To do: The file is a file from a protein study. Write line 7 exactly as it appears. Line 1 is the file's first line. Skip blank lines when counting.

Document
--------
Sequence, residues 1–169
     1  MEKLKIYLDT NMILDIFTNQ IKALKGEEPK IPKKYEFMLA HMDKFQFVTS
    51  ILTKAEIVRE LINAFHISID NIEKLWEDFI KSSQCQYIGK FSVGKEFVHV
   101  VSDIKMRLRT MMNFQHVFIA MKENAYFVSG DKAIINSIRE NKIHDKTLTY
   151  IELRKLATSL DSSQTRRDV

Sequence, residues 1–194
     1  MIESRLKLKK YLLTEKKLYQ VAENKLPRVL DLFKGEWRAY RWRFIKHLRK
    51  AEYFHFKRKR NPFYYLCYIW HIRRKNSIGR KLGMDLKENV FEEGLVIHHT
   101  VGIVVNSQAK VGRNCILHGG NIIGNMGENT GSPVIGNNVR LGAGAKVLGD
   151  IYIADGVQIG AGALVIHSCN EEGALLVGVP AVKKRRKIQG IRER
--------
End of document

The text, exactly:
     1  MIESRLKLKK YLLTEKKLYQ VAENKLPRVL DLFKGEWRAY RWRFIKHLRK